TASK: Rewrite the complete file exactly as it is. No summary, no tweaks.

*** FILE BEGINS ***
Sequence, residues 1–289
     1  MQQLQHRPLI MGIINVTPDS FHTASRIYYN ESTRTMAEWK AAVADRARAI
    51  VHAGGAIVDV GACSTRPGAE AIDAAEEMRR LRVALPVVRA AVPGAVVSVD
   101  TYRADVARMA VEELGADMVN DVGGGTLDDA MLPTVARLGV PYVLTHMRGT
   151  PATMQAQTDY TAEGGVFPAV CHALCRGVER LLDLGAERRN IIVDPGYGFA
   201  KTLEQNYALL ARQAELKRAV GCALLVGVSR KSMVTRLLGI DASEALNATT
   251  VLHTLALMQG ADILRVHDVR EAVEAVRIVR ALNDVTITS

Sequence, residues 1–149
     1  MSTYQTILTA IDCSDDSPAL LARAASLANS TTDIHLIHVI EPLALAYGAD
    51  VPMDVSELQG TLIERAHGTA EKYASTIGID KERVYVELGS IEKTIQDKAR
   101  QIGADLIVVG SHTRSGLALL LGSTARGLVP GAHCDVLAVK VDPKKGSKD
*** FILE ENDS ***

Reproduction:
Sequence, residues 1–289
     1  MQQLQHRPLI MGIINVTPDS FHTASRIYYN ESTRTMAEWK AAVADRARAI
    51  VHAGGAIVDV GACSTRPGAE AIDAAEEMRR LRVALPVVRA AVPGAVVSVD
   101  TYRADVARMA VEELGADMVN DVGGGTLDDA MLPTVARLGV PYVLTHMRGT
   151  PATMQAQTDY TAEGGVFPAV CHALCRGVER LLDLGAERRN IIVDPGYGFA
   201  KTLEQNYALL ARQAELKRAV GCALLVGVSR KSMVTRLLGI DASEALNATT
   251  VLHTLALMQG ADILRVHDVR EAVEAVRIVR ALNDVTITS

Sequence, residues 1–149
     1  MSTYQTILTA IDCSDDSPAL LARAASLANS TTDIHLIHVI EPLALAYGAD
    51  VPMDVSELQG TLIERAHGTA EKYASTIGID KERVYVELGS IEKTIQDKAR
   101  QIGADLIVVG SHTRSGLALL LGSTARGLVP GAHCDVLAVK VDPKKGSKD